With digital tyre pressure gauges, they have a few other abilities and features that analogue tyre pressure gauges don’t have. For instance, many digital tyre pressure gauges have inbuilt torches.
This can be very handy if you are trying to find the caravan tyre valve in the dark.
Some of them also have hold functions. Hence, you can push the digital tyre pressure gauge against the caravan tyre valve, and it will hold the reading on the screen.
You can then remove it from the valve and hold up the digital tyre pressure gauge to read the result.
Some have a backlit screen, which again can make it a lot easier to read the caravan tyre pressure result in the dark.
For less than £10 you can get a digital tyre pressure gauge such as this model from the AA that reads up to 100Psi: Image – Amazon.co.uk
Obviously one of the biggest downsides with a digital tyre pressure monitor is that its dependant on batteries.
So if you did choose to go with a digital gauge, make sure you always have a spare set of batteries to hand.
I also wouldn’t just leave a digital tyre pressure gauge in the front locker of your caravan without some for of moisture protection.
Caravan front lockers have drain holes in the bottom. Hence, they are exposed to the general humidity of the environment.
Therefore, if you do wish to store a digital tyre pressure gauge in the caravan front locker I would put it in a plastic bag and tie the top to protect it if the humidity is high.
Wireless Tyre Pressure Monitoring
Over recent years, there appears to have been a growth in the use of wireless tyre pressure monitoring products.
Many modern cars today have this feature included and they display the live tyre pressure results on the dashboard.
So to bring this capability to older cars (and caravans and motorhomes) a range of wireless tyre pressure monitoring kits have come on to the market.
As you would expect, some products are better than others. Some products from reading reviews appear to be more reliable than others.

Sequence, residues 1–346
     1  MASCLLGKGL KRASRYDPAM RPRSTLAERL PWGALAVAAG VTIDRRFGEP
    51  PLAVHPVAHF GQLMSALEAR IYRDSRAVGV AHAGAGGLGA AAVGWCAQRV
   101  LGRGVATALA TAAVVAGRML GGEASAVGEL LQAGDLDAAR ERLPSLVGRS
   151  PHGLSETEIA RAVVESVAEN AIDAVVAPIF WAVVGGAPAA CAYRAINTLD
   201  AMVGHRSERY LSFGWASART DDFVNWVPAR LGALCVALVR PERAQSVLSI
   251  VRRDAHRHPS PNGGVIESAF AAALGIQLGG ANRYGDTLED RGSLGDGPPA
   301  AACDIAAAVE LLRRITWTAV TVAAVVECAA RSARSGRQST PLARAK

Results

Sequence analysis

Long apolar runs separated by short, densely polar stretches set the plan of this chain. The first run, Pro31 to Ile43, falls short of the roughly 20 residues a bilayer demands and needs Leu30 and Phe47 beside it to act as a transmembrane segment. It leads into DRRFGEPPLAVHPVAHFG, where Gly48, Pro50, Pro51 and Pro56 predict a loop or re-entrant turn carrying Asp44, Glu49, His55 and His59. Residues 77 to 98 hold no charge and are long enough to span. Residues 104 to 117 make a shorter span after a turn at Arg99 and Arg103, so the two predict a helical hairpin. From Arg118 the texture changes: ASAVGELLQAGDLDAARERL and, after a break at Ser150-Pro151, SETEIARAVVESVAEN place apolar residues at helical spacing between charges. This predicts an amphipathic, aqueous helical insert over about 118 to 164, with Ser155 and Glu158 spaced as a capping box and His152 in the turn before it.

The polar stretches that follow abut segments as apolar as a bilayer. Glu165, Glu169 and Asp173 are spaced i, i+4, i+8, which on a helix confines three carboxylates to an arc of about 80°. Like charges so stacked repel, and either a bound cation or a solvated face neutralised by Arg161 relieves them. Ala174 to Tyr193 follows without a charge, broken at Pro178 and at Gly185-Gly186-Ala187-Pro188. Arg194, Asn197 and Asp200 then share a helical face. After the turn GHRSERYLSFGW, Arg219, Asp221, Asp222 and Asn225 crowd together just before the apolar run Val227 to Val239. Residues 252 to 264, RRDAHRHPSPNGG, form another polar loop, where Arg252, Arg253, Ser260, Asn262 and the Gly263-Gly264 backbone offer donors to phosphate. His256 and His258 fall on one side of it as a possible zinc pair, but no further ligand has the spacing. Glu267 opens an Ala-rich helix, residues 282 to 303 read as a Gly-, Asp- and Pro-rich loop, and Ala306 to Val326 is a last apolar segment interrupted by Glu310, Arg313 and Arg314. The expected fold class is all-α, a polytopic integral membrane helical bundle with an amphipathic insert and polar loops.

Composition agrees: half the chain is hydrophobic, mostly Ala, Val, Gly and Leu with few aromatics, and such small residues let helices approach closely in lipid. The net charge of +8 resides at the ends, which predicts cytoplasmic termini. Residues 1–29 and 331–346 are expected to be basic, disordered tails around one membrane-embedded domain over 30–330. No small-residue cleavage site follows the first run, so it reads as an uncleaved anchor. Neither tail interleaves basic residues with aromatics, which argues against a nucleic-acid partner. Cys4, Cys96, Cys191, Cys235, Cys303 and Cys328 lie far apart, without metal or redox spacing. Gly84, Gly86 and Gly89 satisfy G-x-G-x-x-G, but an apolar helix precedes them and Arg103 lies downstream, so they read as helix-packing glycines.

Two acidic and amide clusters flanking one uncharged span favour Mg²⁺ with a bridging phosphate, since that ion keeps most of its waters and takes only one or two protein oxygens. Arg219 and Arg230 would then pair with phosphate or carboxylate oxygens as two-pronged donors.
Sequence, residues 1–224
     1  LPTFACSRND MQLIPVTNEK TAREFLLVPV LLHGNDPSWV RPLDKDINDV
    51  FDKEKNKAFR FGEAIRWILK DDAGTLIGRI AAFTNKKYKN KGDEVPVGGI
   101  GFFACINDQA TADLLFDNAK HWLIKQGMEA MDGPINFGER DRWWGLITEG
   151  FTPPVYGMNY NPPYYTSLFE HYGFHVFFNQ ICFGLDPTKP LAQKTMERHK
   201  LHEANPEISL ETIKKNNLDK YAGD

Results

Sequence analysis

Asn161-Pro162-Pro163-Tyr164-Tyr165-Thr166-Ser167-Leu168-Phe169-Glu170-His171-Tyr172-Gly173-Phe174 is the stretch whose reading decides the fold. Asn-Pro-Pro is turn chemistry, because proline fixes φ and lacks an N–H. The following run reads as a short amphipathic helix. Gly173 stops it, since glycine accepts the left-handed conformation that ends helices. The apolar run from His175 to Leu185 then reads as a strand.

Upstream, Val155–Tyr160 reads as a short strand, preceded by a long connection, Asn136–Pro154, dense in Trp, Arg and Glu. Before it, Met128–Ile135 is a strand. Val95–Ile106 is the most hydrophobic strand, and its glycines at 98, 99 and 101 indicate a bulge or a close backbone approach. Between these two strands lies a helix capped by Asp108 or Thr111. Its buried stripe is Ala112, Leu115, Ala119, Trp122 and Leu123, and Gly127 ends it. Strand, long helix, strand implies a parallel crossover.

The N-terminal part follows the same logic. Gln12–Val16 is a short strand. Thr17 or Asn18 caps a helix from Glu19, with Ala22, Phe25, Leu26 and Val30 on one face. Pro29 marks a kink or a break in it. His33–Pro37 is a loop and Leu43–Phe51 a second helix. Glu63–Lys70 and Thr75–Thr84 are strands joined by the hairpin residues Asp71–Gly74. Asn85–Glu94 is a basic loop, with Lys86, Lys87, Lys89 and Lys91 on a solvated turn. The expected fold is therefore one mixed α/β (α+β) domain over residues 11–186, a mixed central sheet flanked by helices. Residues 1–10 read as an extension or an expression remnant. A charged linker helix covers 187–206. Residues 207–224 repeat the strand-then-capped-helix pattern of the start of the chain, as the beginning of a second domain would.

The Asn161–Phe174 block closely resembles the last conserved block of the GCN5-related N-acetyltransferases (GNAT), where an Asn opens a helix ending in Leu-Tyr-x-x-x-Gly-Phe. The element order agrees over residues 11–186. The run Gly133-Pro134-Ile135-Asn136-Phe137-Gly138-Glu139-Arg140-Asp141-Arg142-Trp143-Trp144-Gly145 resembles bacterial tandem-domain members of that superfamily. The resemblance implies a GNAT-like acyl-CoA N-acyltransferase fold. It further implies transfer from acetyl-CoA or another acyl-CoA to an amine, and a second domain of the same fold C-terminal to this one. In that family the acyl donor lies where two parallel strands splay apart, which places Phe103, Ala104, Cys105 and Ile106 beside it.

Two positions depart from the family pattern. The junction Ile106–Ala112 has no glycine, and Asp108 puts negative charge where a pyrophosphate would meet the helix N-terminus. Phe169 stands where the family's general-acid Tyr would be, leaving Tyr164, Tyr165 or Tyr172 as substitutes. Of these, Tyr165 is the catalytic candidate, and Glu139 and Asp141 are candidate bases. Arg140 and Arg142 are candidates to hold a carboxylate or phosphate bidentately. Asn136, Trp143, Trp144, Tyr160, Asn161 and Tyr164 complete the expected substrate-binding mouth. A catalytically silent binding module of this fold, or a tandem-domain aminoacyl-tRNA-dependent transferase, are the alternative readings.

Personally I would never depend on such a system as the sole means to monitor tyre pressure. I would still have a portable or analogue or digital pressure gauge to hand.
However, for monitoring the tyre pressure of your caravan or motorhome in transit these wireless tyre pressure monitoring kits could provide extra ‘peace of mind’.
This is just one example of a wireless tyre pressure monitoring kits. There are many different products to choose from: Image – Amazon.co.uk
Obviously these kits are primarily intended to monitor car tyre pressure pressures.
However, you could use them on your caravan or motorhome as long as… you guessed it, they can read and display a tyre pressure up to 100Psi.
They typically display the tyre pressure result within the last 3 seconds. And the batteries within the sensors should last for 3-5 years.
To learn more you may be interested to read my posts on the best tyre pressure monitors for caravans.
Conclusions On Tyre Pressure Gauges For Caravans & Motorhomes
Whether you choose to go with an analogue or digital tyre pressure gauge for your caravan or motorhome, the important thing is it needs a 100 psi pressure gauge.
Avoid the cheapest tyre pressure gauges. Not only are they likely to break but they could display a result several Psi away from the real tyre pressure.
I encourage every caravaner to own some form of tyre pressure gauge and use it as part of their caravan maintenance schedule. I would also encourage you to read my post on the best tyres for tow cars.
I hope you found this post useful in helping you to make a decision on the best tyre pressure gauge for your caravan or motorhome.
I also hope you consider coming to visit us here at Horton Common in the near future. 🙂
Really, you should have a portable tyre pressure gauge to hand and check the caravan tyre pressure each time you take the caravan onto the public highway.
Frequently using a caravan tyre pressure gauge means you have a better chance of spotting an issue (leak) before it can cause a serious accident.
No, during your trip your caravan tyres will have built-up heat from the rolling resistance and friction with the road surface. Tyre pressure calculations are based on cold tyres.
Therefore, wait for the caravan tyres to cool and use the pressure gauge before you set off on your travels, not after.